The exemption for social security payment of foreign workers in Shanghai has expired on August 15, 2021. This means that foreign employees in the city may now be required to pay social insurance contributions, as is the case for other cities like Beijing, Tianjin, and Guangzhou.

Have a look at our previous article on  Social Insurance Refund: A Takeaway Before Leaving China

After August 15, both employers and foreign employees in China may be forced to abide by the social security regulation promulgated since 2009. Find out how this will affect foreigners working in Shanghai.

Regulation on social security payment of foreigners

According to Chinese law, the collection of social insurance premiums including pension, medical insurance, work-related injury, unemployment, housing, and maternity is mandatory for Chinese employees. On the other hand, it is also supposedly enforced to foreign employees. However, the 2009 interim regulation issued by the Shanghai Municipal Bureau of Resources and Social Security stipulated that foreigners “can” contribute to the social security system, leaving it open to interpretation. Thus, in practice, most companies and foreign workers in Shanghai opted out of the social insurance payments.

For cities which required the social security payment of foreigners, both employers and foreign workers make the contributions for pension, medical insurance, and unemployment. On the other hand, employers are required to contribute to work-related injury and maternity insurances. While housing fund is mandatory for Chinese employees, foreign employees can choose not to contribute to the housing fund scheme.

In 2011, China launched the nationwide implementation of the Social Insurance Law, reiterating the requirement for foreign employees to pay social insurances. However, there were no changes made to the Shanghai local legislation. Moreover, in 2016, the Shanghai’s social security and resources bureau announced the extension of the original 2009 notice until August 15, 2021. This means that until this mentioned date, foreign employees can still opt not to pay the said social insurances.

What’s new?

Considering that no further extension is announced for the continuation of the 2009 interim notice, it implies that foreign employees in Shanghai must follow the national law implemented in 2011. Thus, foreign workers in Shanghai may have to pay for social security including pension, unemployment, and medical insurance. On the other hand, employers in Shanghai will also cover applicable social insurance for their foreign employees.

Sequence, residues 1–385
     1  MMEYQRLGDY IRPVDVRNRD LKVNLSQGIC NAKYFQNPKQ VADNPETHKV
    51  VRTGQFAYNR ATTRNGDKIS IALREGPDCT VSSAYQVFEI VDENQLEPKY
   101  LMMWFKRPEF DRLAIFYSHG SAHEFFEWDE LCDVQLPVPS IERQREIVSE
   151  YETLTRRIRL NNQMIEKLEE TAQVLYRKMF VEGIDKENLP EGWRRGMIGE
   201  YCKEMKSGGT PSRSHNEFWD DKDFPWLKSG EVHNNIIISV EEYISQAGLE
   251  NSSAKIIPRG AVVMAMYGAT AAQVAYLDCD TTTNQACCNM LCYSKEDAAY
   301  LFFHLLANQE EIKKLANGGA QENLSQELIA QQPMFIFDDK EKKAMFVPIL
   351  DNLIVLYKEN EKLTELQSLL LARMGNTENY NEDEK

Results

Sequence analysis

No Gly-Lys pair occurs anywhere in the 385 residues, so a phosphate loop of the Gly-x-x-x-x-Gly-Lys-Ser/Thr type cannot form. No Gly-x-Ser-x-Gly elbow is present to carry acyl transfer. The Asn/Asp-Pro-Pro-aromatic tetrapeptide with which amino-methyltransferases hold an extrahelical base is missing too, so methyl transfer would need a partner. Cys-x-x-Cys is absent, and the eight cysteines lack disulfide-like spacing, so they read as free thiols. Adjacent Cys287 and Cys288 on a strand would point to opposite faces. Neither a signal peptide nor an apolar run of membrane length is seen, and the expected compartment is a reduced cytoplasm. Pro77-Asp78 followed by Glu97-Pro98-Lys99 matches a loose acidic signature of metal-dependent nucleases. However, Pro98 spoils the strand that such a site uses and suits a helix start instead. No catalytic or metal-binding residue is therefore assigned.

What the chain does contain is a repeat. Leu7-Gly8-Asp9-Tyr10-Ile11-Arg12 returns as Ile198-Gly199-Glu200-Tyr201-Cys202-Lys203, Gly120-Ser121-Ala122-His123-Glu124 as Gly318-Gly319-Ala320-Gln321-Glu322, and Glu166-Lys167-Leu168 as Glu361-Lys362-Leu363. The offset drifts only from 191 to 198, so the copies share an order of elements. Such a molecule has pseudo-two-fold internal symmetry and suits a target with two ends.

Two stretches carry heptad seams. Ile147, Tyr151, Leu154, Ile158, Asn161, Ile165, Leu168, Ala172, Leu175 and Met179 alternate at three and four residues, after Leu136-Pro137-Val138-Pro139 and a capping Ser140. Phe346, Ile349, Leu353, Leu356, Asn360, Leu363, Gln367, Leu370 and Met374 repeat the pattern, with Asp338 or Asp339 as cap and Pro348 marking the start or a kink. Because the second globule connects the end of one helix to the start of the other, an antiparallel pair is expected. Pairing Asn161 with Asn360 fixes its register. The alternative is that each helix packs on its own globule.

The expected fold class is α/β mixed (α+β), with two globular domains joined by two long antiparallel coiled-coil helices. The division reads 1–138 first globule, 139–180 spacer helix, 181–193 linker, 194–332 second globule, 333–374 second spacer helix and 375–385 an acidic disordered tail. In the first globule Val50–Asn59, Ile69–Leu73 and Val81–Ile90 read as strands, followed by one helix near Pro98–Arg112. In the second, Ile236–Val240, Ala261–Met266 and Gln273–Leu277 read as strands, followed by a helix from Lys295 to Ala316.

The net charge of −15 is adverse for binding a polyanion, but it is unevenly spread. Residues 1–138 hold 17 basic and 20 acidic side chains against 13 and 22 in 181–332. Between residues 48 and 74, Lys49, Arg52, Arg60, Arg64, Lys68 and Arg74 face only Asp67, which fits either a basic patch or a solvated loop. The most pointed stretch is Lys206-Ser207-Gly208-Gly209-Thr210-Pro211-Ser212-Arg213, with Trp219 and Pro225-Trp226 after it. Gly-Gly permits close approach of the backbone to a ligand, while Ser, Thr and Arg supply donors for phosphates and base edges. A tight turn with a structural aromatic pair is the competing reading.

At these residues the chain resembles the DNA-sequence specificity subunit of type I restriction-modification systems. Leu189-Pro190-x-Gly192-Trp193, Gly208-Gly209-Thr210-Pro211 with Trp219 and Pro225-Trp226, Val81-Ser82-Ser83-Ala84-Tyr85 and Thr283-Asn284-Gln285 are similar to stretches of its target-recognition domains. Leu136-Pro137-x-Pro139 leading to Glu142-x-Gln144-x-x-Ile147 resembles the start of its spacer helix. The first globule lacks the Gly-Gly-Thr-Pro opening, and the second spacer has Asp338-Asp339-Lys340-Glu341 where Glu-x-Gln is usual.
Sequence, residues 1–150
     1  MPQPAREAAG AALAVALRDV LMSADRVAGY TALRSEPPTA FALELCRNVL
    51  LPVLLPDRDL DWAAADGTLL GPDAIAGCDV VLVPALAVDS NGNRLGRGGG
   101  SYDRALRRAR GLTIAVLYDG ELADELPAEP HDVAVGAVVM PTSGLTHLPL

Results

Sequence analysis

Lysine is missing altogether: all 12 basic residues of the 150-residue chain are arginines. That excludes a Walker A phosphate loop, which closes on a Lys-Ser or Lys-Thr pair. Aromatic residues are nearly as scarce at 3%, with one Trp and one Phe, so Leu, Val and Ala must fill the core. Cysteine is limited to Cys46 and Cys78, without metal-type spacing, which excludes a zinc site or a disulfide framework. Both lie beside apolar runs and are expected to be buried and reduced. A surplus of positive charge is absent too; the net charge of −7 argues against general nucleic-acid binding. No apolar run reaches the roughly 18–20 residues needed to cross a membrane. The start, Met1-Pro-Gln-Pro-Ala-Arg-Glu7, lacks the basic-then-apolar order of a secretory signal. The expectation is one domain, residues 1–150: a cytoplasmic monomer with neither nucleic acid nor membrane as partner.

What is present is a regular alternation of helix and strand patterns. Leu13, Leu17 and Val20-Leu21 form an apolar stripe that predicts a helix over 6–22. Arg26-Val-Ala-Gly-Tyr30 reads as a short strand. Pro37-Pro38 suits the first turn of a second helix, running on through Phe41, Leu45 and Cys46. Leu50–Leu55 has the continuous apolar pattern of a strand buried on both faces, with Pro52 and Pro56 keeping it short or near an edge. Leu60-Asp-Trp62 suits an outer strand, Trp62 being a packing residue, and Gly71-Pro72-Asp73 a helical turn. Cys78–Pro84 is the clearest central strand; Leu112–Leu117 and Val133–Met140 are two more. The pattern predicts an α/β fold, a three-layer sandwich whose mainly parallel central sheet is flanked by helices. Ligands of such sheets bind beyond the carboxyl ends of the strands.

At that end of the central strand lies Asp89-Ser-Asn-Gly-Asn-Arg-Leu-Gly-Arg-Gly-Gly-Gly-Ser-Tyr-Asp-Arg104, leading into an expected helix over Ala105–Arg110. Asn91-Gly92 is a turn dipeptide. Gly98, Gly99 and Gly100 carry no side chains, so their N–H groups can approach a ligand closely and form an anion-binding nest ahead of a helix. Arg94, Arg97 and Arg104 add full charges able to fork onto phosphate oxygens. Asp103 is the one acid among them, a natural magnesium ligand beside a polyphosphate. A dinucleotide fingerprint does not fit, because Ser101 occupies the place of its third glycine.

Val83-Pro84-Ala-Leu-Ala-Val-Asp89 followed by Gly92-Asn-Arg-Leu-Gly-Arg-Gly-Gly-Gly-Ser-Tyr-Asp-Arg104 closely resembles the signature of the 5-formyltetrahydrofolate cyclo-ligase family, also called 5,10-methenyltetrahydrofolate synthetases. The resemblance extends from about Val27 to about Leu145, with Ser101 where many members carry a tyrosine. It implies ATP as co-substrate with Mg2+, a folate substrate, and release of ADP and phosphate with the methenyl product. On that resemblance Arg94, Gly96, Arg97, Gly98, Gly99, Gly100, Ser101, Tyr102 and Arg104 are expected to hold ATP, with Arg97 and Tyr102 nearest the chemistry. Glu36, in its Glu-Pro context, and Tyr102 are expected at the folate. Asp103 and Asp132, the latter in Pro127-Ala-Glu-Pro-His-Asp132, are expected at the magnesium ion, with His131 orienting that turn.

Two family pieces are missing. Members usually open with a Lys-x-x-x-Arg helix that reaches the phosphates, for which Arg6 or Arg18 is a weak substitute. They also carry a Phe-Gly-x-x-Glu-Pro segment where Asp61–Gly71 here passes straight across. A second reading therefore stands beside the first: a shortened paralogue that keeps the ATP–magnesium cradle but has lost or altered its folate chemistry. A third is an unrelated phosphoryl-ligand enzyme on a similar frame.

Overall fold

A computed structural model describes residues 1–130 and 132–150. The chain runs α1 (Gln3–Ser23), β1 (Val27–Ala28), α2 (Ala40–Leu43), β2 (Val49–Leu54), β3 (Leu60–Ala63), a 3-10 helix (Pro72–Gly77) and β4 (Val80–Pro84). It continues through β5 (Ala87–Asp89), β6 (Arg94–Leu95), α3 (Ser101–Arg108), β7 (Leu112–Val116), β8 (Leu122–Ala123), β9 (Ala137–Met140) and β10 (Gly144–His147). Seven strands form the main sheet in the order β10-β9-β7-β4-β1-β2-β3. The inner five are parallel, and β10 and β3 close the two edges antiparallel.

Social security contribution rates for employers and employees in Shanghai

social insurance rates in shanghai

Sample calculation for a foreign employee earning RMB 20,000 per month (assuming it is the first time to pay for income tax):

Basic salary = RMB 20,000; social insurance = RMB 20,000*10.5%= RMB 2,100

​Taxable income = RMB 20,000 – RMB 2,100 (social insurance) – RMB 5,000 (threshold) = RMB 12,900

Individual income tax = 12,900*3% – 0= RMB 387

​Net pay = RMB 20,000 – 2,100 – 387= RMB 17,126

Impact of the social security requirements for foreigners

For the part of foreign workers in Shanghai, the enforced social security payment will result in salary adjustments, whereas a percentage of the social insurance is directly deducted from the gross salary. After deduction, the taxable income will be decreased. In addition, foreigners can refund in lump-sum the social insurance paid if they leave China and apply for a tax refund at the same time.

On the other hand, since the employer is also responsible for withholding the applicable social security contribution of its foreign employees, such an amount will be an additional cost to the employer.

Conclusion

It can be noted that tax authorities may be able to validate a foreign employee’s social insurance payments during the monthly tax declaration or application of tax refunds. It is important that both employers and foreign employees in Shanghai are aware of the expiration of the said exemption and assess the relevant risks if payments are not made. On the other hand, it is also best to check with tax authorities regarding the effectivity of social insurance exemptions of foreigners based on China’s tax treaties with other countries.

Furthermore, the payment of all types of social insurance by foreigners is deemed to be implemented in the future. Those who wish do business and work in China should pay attention to these foreseeable changes.

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S.J. Grand provides advisory and support on the business set up as well as tax and accountancy services for foreign-invested companies in China. We assist foreign companies with tax optimization strategies to take advantage of China’s various preferential policies. Contact us to get you started.

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